u Guilin has been restless and anxious of late. As the head of the Outdoor Sport Association of Lanshan District in the city of Linyi, Shandong Province, he’s used to organizing hikes and walks in an urban landscape increasingly hostile to pedestrians. But now he’s facing a media blitz after tragedy struck his group – while also handling members who are keen to take to the roads again.
In the early morning of July 8, 2017, a taxi rammed into a crowd of walkers on the highway in the city, killing one and injuring two. After the accident, more than 20 teams of walkers were told to halt their activities.
“I am under mounting pressure,” Xu told NewsChina. He doesn’t know how to cope with his thousands of members. “They want to exercise and walk, where could they go?” He’s very worried that some walkers will strike off on their own, risking another accident, and he’s facing massive criticism online where netizens flocked to condemn walkers for their alleged intrusion onto public roads.
There are 41 volunteer walking groups in Linyi, each with 100 to 400 members. But there’s little space to walk in the crowded city of over 10 million people. Four fifths of participants are aged between 40 and 50. “These people are the breadwinners of their families, a squeezed generation who have to take care of their parents as well as their kids. They need a healthy body to support their families and walking is the most inexpensive and convenient way to stay fit for them,” said 49-year-old Xu, adding that he understood very well this way of thinking.
Xu told every group to stop after the accident, but others are gathering to walk in secret. Traffic police in Linyi had to patrol the roads all day long and disperse groups.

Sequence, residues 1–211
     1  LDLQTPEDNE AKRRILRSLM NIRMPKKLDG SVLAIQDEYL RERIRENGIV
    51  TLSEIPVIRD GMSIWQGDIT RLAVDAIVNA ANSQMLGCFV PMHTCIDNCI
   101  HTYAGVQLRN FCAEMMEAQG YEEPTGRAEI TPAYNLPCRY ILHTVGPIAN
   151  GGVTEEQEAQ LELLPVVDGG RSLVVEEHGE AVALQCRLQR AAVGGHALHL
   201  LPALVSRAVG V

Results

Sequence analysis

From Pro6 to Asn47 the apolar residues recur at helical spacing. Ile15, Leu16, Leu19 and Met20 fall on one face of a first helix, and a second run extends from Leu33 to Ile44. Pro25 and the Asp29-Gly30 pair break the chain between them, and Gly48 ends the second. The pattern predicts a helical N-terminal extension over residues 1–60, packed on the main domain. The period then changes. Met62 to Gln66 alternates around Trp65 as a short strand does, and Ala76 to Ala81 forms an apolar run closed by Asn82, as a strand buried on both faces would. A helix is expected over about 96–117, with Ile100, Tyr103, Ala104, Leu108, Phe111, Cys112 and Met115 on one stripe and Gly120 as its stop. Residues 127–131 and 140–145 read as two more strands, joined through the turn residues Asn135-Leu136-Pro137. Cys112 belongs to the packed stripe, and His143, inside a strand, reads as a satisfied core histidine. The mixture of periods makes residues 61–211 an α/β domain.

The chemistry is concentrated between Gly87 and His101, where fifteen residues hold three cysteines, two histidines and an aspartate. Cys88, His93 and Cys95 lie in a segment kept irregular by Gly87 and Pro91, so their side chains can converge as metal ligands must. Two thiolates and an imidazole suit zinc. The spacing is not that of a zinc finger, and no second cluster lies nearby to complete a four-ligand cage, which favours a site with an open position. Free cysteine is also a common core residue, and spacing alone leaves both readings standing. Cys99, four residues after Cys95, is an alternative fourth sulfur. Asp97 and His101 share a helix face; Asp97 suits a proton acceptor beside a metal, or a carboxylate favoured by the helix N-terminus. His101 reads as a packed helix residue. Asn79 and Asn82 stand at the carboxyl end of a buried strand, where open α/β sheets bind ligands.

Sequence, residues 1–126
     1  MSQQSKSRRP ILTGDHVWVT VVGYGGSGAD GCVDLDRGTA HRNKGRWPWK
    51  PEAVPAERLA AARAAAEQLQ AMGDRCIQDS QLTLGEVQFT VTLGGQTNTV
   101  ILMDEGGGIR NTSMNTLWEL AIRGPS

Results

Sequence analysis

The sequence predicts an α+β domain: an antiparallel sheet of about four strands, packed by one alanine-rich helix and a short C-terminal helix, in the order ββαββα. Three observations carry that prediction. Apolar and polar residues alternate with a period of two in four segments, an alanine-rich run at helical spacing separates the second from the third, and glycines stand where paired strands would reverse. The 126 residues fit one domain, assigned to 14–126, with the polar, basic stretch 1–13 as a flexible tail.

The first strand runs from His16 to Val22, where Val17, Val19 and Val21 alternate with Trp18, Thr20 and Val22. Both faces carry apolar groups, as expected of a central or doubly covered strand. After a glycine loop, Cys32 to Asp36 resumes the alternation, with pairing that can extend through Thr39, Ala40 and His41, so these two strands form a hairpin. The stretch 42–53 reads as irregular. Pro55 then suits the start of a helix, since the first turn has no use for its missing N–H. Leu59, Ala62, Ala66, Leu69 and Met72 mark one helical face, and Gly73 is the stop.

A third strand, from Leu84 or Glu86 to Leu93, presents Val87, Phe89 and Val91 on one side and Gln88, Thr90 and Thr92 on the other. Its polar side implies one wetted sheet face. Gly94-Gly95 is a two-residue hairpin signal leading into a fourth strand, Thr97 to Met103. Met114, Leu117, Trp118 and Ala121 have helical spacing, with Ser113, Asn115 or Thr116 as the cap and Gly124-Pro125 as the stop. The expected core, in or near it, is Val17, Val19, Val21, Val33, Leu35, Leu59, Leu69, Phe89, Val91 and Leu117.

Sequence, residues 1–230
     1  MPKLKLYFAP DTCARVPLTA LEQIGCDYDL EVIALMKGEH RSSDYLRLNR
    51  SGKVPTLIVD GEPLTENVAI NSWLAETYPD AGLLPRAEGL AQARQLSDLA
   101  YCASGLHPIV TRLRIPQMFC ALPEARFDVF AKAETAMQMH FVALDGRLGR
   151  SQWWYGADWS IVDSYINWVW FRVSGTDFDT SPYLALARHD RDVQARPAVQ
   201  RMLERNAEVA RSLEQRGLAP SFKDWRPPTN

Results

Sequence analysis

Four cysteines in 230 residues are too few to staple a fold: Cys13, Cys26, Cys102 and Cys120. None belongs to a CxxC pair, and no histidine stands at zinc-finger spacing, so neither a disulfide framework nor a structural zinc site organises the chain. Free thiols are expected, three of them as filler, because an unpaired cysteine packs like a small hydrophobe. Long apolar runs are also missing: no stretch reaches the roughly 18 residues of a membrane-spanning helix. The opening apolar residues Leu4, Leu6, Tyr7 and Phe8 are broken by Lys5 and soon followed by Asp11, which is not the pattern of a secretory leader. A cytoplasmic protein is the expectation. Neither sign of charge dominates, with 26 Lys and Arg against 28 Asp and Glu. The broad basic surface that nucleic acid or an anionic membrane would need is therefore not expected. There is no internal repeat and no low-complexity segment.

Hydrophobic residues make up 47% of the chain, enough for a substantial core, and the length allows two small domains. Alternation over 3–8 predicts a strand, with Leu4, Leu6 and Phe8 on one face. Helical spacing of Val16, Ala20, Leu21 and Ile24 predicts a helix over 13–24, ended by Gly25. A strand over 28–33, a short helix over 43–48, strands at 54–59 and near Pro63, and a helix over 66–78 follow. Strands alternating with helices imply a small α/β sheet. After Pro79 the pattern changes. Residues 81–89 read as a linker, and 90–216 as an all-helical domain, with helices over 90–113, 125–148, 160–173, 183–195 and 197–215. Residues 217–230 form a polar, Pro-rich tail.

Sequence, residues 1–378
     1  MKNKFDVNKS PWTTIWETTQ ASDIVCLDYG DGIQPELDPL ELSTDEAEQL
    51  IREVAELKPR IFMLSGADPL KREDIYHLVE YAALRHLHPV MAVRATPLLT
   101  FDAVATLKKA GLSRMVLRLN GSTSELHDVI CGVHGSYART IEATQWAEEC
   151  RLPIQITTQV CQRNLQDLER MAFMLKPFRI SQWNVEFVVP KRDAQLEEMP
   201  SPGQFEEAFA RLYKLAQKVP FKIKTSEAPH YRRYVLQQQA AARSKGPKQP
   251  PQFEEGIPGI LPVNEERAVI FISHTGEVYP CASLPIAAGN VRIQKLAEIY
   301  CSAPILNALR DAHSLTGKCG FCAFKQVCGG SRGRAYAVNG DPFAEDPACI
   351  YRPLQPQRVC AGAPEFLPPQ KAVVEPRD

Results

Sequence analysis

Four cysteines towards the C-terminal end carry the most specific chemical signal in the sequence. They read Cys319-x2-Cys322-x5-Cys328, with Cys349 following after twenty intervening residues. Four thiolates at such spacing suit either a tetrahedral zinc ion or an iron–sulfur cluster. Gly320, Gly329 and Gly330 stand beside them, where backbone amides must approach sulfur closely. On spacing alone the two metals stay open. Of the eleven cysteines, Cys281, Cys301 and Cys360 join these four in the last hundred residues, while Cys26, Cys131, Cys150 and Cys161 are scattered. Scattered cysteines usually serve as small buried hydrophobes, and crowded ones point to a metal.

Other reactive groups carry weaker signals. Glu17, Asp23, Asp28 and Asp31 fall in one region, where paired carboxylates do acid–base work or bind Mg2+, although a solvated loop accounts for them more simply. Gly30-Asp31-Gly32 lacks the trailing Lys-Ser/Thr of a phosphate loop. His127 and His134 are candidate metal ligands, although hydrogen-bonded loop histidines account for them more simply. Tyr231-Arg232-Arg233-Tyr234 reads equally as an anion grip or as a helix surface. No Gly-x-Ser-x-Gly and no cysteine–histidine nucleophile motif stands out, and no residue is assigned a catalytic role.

Xu Fang (pseudonym), head of the 41st walking team, told NewsChina that her team had been back on the road once since the prohibition. Her group was established in June 2017, and there are roughly 80 people in it. She was drawn to group walking when they passed her home, joining a growing number of walkers in a troop of her neighborhood.
“Brisk walking is very good for your health. I used to weigh 85 kilograms, and suffered from hypertension and high cholesterol, but nowadays these diseases are all gone,” she said.
Xu Fang, 46, said she enjoyed the feeling of walking to the beat in the same uniform as the rest of her team. She also said she had enjoyed the parades and made a lot of new friends in the group. “If any of us had a problem, many people would be ready to help. We were having a positive impact on society.”
Her walking team used to gather at 7:40pm near a gas station in her neighborhood and then set off at a brisk pace for six kilometers along nearby Taoran Road. “There are few sports facilities in our community and we had no choice but to walk on the road,” she said, adding that to stay safe, team heads are placed at both the front and rear of the team during the journey. “I feel uncomfortable stuck at home nowadays.”
Taoran Road is the main road that links the local railway station and the airport and their journey had to cross six sets of traffic lights. “We stopped when the light was red and walked when it went green. We observed the traffic regulations and tried not to race drivers.”
A local taxi driver interviewed by NewsChina, however, gave a different answer. “These walkers marched in procession and when the light turned red, they were not likely to stop and drivers had to wait,” the driver said on condition of anonymity. “They occupied the cycle pathway, driving cyclists onto the main road and conflicts arose.”
But Xu Fang says her team had little choice, as the sidewalks of other roads fill up with snack stands every evening. “We usually move to the cycle path, that has a speed limit of 50 kilometers, in order to minimize the potential hazard,” Xu Guilin said. He added that they walked on the vehicle road on the day of the accident because many roads in that area were under repair and there were few vehicles in the early morning.